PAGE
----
« Reply #80 on: December 09, 2021, 03:53:23 pm »
Could Zorin be the answer? https://zorin.com/os/pro/ I've known about it a while. Can't remember why I never used it. If they are serious might go somewhere as microsoft piss more people off.

I poked around that site.  It's paid, but it says it's based on Ubuntu.  All of the apps on the alternative list run on Ubuntu, which is probably how they're doing it, and some are not really viable alternatives to the real deal.  Some are awesome, like the office suite; others still have a long way to go, like the CAD tools.

So the impression that I got is that it's just a rebranded version of Ubuntu.  Given the support for Ubuntu itself, is it really worth paying for a clone of it?
« Last Edit: December 09, 2021, 03:55:47 pm by AaronD »
 

Offline tooki

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Re: Bench computer: Linux workable, or need Windows?
« Reply #81 on: December 09, 2021, 05:20:14 pm »

fast boot has been a thing since windows 7. IT support  usually start by getting you to disable it if you have issues. I always turn it off and can't tell the difference.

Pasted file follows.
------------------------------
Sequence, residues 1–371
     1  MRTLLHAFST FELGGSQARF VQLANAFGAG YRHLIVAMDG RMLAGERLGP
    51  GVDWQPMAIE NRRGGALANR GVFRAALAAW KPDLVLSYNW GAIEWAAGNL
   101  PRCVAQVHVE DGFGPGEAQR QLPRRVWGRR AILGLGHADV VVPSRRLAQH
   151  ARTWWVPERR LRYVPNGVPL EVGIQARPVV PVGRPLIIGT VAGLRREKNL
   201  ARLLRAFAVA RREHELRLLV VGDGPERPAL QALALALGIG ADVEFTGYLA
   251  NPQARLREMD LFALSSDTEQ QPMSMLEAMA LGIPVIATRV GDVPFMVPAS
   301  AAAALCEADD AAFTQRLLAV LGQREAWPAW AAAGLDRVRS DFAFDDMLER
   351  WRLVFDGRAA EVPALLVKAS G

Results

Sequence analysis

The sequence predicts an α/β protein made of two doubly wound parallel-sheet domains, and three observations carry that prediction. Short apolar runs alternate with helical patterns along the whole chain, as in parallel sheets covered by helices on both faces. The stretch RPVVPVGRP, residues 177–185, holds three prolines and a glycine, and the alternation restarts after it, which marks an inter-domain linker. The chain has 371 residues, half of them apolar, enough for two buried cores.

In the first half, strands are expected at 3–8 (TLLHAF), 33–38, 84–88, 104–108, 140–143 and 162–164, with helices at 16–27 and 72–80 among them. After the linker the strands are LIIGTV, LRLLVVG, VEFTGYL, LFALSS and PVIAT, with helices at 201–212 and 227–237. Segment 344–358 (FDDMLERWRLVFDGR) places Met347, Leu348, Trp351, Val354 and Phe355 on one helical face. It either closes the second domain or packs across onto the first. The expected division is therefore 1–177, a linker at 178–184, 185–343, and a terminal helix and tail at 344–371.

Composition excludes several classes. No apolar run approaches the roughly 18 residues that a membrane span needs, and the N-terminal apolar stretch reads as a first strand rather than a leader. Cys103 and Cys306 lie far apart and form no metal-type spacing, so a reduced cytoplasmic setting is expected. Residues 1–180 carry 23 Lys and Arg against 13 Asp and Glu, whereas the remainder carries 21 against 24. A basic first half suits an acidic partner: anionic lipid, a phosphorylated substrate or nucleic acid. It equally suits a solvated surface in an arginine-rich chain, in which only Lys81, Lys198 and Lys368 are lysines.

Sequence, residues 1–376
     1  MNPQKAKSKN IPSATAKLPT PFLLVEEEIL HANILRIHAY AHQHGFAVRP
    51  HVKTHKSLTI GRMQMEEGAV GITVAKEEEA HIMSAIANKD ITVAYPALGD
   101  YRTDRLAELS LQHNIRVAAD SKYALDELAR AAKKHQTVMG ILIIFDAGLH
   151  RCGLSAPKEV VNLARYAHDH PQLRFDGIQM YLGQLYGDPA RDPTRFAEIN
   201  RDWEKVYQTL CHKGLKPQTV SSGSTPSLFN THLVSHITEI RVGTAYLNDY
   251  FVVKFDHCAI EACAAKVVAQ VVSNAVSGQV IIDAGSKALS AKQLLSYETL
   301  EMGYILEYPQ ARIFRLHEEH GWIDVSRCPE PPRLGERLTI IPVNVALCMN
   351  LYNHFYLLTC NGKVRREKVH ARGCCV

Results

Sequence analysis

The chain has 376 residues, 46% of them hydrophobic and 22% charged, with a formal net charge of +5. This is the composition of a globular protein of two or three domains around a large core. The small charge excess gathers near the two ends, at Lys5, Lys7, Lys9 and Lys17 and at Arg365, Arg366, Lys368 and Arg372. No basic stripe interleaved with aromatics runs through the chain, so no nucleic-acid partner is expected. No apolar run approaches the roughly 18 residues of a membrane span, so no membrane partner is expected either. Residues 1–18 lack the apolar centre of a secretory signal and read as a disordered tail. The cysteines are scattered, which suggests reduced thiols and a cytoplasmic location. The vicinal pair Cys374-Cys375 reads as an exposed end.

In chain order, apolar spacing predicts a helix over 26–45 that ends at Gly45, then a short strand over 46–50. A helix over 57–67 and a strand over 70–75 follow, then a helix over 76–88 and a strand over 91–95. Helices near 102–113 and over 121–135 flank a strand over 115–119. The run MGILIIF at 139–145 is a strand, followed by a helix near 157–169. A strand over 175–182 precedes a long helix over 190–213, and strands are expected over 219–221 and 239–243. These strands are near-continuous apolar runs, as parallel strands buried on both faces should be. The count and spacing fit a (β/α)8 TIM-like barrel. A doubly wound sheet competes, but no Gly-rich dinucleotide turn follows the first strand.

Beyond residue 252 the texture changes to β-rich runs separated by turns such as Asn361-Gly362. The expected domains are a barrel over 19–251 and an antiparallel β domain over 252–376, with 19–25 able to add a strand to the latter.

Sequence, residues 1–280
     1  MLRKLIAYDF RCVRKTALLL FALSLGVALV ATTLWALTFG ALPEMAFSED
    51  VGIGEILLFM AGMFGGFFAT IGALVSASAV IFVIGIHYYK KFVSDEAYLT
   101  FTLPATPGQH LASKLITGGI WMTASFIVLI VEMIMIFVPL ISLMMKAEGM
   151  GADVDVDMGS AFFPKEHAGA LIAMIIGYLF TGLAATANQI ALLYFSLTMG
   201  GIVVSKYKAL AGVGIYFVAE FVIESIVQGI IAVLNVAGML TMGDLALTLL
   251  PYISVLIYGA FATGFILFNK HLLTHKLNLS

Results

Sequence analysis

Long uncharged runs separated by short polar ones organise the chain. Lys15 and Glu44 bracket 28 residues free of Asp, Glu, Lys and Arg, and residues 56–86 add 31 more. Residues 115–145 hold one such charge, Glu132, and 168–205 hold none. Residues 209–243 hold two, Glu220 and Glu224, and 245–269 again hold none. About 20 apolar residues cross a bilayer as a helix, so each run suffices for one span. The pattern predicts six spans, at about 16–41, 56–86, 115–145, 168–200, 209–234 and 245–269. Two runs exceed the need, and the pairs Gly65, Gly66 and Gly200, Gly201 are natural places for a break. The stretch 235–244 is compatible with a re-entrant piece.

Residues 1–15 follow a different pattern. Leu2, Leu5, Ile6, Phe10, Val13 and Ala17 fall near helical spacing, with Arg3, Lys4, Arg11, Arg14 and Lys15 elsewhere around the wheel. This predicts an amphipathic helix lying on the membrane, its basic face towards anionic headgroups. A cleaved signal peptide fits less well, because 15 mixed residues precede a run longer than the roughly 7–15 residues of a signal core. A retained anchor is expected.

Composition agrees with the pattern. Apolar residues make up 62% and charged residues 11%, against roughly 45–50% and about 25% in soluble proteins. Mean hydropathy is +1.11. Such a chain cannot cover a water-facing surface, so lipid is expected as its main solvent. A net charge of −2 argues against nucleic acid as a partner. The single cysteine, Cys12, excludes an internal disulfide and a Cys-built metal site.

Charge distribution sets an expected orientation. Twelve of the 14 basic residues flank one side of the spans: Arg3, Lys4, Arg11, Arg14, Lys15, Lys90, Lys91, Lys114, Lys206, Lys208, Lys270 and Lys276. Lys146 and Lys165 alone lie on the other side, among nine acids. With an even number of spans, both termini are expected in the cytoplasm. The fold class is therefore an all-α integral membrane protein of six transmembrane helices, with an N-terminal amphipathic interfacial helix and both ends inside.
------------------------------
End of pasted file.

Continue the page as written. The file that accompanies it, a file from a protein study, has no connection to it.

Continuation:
Actually, the internet says it was introduced in Windows 8.

Oh right, my mistake, so you mean it was introduced in Windows 10 :)
Exactly!! :)
 

Offline Simon

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Re: Bench computer: Linux workable, or need Windows?
« Reply #82 on: December 10, 2021, 08:32:59 am »
Could Zorin be the answer? https://zorin.com/os/pro/ I've known about it a while. Can't remember why I never used it. If they are serious might go somewhere as microsoft piss more people off.

I poked around that site.  It's paid, but it says it's based on Ubuntu.  All of the apps on the alternative list run on Ubuntu, which is probably how they're doing it, and some are not really viable alternatives to the real deal.  Some are awesome, like the office suite; others still have a long way to go, like the CAD tools.

So the impression that I got is that it's just a rebranded version of Ubuntu.  Given the support for Ubuntu itself, is it really worth paying for a clone of it?

I don't know what the process is of creating a distro is. I guess if you rely on another you are highly dependant on that and if there are issues will have to keep updating. I see that when I asked on their forum the only asset anyone could mention was the support forum itself.

There is a free version